Libyan Rebels Rejects African Union Peace Plan

Liana Teixeira

Despite efforts to satisfy their demands, Libyan rebels rejected a peace plan proposed by the African Union on Monday. The suggested “road map” outlined the steps for making peace with Libyan ruler Moammar Gadhafi; however, the rebels made it clear that only Gadhafi’s resignation would suspend their uprisings. “It’s a non-negotiable demand,” U.S. State Department spokesman Mark Toner told reporters at a Monday news briefing. “We believe he needs to depart [from] power.”

The agreement called for an immediate cease-fire, an end to NATO air strikes, and advised that political reform be reached through cooperative discussions. Ghadafi, unsurprisingly, supported this proposal, but the rebels were less inclined to accept its demands as it would seriously counter their progress against Gadhafi’s military.

“This proposal did not include the exit of Colonel Gadhafi and his sons and inner circle, and it included reforms within the structure of the Gadhafi regime. This is rejected completely,” said Abdul Hafiz Ghoga, a member of the Transitional National Council (the de facto rebel government based in the eastern city of Benghazi), to the McClathy newspaper.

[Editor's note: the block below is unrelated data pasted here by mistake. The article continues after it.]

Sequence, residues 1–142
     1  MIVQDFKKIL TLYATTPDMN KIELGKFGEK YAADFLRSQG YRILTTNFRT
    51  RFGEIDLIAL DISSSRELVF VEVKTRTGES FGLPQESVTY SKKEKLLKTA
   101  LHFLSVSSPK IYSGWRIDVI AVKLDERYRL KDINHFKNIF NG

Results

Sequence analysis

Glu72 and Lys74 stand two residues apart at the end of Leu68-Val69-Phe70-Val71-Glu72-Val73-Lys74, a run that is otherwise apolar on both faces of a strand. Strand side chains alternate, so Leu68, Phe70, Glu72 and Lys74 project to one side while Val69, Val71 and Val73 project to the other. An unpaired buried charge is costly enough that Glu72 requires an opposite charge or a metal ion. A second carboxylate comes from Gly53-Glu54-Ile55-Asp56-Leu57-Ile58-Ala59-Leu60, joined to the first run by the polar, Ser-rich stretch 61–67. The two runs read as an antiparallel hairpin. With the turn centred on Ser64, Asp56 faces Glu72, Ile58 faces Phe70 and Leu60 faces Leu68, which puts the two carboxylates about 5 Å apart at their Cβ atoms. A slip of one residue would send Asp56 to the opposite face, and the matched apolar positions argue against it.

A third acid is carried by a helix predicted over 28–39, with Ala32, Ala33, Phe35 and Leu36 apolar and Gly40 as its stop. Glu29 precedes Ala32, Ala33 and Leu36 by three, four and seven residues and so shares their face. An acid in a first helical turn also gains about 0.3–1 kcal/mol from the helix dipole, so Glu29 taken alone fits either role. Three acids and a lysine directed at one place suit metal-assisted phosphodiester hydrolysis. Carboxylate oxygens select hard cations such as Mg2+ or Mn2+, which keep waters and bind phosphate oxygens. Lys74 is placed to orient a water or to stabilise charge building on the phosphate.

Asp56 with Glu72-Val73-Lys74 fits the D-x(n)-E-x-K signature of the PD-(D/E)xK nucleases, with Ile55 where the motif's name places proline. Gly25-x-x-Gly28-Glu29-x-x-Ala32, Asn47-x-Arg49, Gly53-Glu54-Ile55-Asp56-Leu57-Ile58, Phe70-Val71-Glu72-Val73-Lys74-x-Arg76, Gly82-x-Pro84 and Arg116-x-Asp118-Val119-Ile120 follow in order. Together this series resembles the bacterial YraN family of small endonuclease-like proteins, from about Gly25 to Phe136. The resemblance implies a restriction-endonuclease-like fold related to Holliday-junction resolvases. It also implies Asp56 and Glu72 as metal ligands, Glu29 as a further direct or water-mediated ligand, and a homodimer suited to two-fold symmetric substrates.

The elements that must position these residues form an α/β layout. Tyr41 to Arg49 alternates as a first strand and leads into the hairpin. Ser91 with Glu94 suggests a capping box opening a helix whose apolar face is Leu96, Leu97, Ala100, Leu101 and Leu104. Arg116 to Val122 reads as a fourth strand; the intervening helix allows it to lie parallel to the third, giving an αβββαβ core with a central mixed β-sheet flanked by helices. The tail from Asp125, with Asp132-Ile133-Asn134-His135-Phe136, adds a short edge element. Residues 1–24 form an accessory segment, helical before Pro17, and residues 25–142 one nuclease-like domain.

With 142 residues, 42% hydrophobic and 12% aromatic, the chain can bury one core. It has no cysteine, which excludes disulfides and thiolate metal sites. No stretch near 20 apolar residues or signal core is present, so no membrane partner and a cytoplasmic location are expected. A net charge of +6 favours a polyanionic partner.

The African Union is made up of five African countries: South Africa, Uganda, Mali, Mauritania, and Congo-Brazzaville. Given that Gadhafi reserved a portion of the yearly budget to the African Union, the plan to maintain Gadhafi’s leadership role in Libya was largely expected. However, not everyone agrees with the Union’s ruling.

During a radio interview in France, Italian foreign minister, Franco Frattini, supported the rebels’ position, saying that Gadhafi’s resignation would have to occur “in parallel” with a cease-fire. “The sons and the family of Gadhafi cannot participate in the political future of Libya,” Frattini said.

The Obama administration strongly advocates a cease-fire, and Secretary of State Hillary Clinton said that the United States also desires Gadhafi forces to vacate various civilian villages in the west, including the city of Misrata. Any cities forcibly occupied or destroyed by Gadhafi’s military campaign, said Clinton, must be restored with fresh drinking water and electricity.

Chris Stevens, the chief U.S. envoy to the Libyan opposition in Benghazi, continues meeting with rebel leaders and discusses how the United States could help during its democratic transition.